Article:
How to Avoid Extreme Sunburn this Sunny Season
Did you know that some essential oils are phototoxic? In this article, we will cover the best practices for using essential oils safely in order to avoid extreme sunburn this sunny season.
Photo . . . what?
Dovetail two factors that equal a much higher risk of burning: Warmer weather and spending more time outside. Please take the time to check to see which essential oils are in your skincare products. The term phototoxicity refers to the property of some essential oils, especially those in the Rutaceae plant family (think citrus), which may cause a chemically induced skin irritation that is activated by light (natural and artificial light, such as in a tanning booth).
This means that if you apply a phototoxic citrus essential oil to your skin, and then you spend time in the sun, you could experience a painful skin reaction like burning, blistering or discoloration (which can be permanent). This happens because the UV light reacts with the oil that causes the reaction. This is also why you can experience phototoxic effects in a tanning bed. I’m sure you can understand why I get more than a little concerned when I see social media posts for lip balms that include lime essential oil. Immediately, my brain goes: “What?!!”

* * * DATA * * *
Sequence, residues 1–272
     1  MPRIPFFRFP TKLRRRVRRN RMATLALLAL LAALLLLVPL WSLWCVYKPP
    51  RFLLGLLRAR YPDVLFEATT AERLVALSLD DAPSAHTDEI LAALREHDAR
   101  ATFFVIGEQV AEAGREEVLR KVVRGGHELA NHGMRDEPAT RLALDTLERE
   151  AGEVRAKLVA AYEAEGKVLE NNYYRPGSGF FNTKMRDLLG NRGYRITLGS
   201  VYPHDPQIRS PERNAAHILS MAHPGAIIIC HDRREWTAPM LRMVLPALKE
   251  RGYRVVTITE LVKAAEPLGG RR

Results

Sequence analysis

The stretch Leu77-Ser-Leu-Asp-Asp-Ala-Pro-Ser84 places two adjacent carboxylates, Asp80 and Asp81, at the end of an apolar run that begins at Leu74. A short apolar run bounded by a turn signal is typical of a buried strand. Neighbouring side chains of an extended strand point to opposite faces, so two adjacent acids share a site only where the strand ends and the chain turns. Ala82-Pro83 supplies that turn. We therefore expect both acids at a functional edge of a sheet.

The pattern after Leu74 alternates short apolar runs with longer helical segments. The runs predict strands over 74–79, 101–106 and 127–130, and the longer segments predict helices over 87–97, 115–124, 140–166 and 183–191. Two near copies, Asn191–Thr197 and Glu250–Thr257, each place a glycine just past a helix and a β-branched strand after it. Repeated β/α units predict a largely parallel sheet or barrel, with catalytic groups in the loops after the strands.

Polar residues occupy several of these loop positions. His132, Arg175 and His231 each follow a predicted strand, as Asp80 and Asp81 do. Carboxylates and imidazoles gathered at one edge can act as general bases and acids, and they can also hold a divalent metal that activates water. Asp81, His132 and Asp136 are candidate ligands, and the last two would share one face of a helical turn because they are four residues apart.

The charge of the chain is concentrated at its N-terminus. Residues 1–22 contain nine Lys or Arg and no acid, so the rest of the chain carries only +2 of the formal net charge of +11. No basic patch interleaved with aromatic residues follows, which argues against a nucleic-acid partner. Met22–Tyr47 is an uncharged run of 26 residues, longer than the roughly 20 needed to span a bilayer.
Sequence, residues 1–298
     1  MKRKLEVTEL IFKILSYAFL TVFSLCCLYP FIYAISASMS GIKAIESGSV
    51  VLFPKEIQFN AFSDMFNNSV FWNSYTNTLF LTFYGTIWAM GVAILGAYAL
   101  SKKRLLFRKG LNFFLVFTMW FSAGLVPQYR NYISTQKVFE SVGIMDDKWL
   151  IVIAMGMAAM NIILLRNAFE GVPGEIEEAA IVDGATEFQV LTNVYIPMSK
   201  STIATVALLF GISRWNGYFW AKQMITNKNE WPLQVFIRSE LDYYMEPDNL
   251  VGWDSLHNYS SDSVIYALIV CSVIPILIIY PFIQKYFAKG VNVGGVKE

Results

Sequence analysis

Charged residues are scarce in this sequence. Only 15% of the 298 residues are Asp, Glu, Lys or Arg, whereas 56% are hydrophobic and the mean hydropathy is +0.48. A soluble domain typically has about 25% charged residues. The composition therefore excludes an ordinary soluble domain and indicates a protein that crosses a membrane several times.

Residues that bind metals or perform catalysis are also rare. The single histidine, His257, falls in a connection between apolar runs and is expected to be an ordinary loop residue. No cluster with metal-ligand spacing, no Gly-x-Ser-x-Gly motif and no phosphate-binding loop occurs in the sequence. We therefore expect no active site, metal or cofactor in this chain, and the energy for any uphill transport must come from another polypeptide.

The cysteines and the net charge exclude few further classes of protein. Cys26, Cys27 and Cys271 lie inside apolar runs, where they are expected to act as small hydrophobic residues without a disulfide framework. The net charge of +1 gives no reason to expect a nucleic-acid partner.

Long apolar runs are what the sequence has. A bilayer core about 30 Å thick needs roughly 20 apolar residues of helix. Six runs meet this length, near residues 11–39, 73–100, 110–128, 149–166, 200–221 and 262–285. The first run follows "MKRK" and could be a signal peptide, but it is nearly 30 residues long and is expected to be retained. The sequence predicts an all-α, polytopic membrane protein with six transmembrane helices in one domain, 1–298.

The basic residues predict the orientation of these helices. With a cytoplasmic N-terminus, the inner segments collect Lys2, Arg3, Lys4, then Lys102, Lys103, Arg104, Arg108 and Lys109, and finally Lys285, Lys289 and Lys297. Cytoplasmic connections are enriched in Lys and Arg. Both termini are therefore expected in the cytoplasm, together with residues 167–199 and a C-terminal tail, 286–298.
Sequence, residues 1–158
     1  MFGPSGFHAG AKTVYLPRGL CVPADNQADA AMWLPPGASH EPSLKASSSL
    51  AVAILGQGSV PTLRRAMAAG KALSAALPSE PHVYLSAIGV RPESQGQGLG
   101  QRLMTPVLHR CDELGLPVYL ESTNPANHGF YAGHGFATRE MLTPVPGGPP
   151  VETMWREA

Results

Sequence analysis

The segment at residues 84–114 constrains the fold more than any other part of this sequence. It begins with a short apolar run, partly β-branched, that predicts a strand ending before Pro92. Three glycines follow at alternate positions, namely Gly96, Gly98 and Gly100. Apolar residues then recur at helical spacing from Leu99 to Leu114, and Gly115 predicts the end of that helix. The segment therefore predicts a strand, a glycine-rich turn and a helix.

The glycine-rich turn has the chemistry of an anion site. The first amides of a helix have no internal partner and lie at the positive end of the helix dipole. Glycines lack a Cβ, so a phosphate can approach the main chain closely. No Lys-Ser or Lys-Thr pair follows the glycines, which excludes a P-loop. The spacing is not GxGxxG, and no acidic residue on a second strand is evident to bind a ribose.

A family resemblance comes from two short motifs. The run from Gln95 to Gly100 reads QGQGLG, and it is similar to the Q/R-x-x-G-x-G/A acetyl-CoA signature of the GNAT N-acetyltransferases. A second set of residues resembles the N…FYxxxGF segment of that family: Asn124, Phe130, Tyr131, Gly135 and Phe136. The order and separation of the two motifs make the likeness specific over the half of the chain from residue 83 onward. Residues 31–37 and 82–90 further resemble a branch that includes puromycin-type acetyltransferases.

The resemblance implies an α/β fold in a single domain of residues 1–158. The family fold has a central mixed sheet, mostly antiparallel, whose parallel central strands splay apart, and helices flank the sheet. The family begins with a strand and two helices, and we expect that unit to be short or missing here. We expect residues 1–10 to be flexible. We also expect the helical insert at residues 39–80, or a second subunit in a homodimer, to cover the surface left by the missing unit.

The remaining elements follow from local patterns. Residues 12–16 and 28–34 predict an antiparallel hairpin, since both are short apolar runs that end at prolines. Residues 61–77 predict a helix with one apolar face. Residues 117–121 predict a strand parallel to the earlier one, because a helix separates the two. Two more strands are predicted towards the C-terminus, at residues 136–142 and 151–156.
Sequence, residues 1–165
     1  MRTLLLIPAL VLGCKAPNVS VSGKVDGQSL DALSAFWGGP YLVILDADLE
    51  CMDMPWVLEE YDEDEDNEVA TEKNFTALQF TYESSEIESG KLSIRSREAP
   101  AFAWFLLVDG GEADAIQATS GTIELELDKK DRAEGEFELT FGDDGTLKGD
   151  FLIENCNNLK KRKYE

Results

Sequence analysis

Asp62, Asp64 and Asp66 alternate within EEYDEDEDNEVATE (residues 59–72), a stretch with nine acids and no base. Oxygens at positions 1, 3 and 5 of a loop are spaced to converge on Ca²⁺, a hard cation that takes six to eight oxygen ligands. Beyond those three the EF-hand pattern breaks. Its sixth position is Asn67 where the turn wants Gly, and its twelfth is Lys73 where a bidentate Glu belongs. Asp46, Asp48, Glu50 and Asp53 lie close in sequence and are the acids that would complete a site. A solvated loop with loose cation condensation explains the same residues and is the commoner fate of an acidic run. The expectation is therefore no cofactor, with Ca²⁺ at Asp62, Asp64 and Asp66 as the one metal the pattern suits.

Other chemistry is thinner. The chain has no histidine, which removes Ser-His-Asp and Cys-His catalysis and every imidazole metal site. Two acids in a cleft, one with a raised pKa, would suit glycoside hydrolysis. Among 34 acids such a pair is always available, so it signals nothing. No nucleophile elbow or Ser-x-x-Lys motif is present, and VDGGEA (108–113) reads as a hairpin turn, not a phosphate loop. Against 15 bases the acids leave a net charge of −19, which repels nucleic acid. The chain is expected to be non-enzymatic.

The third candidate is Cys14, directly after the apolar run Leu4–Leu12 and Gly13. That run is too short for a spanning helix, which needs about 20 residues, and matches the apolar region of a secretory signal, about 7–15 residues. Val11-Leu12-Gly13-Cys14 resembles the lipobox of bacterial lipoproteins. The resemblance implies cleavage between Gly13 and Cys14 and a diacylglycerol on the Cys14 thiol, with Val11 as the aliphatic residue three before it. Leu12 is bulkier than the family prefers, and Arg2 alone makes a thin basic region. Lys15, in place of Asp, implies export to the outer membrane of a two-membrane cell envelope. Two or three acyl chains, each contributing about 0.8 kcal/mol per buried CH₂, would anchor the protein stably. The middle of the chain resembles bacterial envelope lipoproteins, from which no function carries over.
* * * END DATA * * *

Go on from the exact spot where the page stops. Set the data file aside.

Here’s a list of five common citrus essential oils that are phototoxic to varying degrees: bergamot, grapefruit, lemon, lime, and bitter orange (Citrus aurantium). There are also some non-citrus essential oils also known to be phototoxic, such as angelica root, cumin, opopanax and tagetes. As with any use of essential oils, please do your research prior to blending!
Most commonly, essential oils from the Rutaceae plant family (e.g. lemon, lime, orange) are cold-pressed. While steam distillation is still the most common method of extraction of essential oils, cold-pressing is a relatively new process of extracting essential oils from citrus peels. But if you can find steam distilled lemon or lime essential oil, the steam distillation process neutralizes the components of the essential oil that would cause either lemon or lime essential oil to be phototoxic. Bergamot is sometimes rectified and will be labelled bergaptene-free or FCF (which means furocoumarin-free). This means the bergamot essential oil has been rectified and the chemical constituent responsible for phototoxicity has been removed.
Maximum Dermal Use
Here’s what we know about the maximum dermal use levels of the above five citrus essential oils, in order to avoid phototoxic reactivity. These concentration levels are based on Tisserand & Young’s research (2014).
While you can check your skincare product ingredient lists for these essential oils, it will be difficult to know exactly what percentage of the phototoxic essential oil is in the product:
- Bergamot: blend at 0.5% or less (Tisserand & Young, 2014, p. 211)
- Grapefruit: blend at 4% or less (Tisserand & Young, 2014, p. 297)
- Lemon: blend at 2% or less (Tisserand & Young, 2014, p. 331)
- Lime: blend at 0.7% or less (Tisserand & Young, 2014, p. 337)
- Bitter orange: blend at 1.25% or less (Tisserand & Young, 2014, p. 371)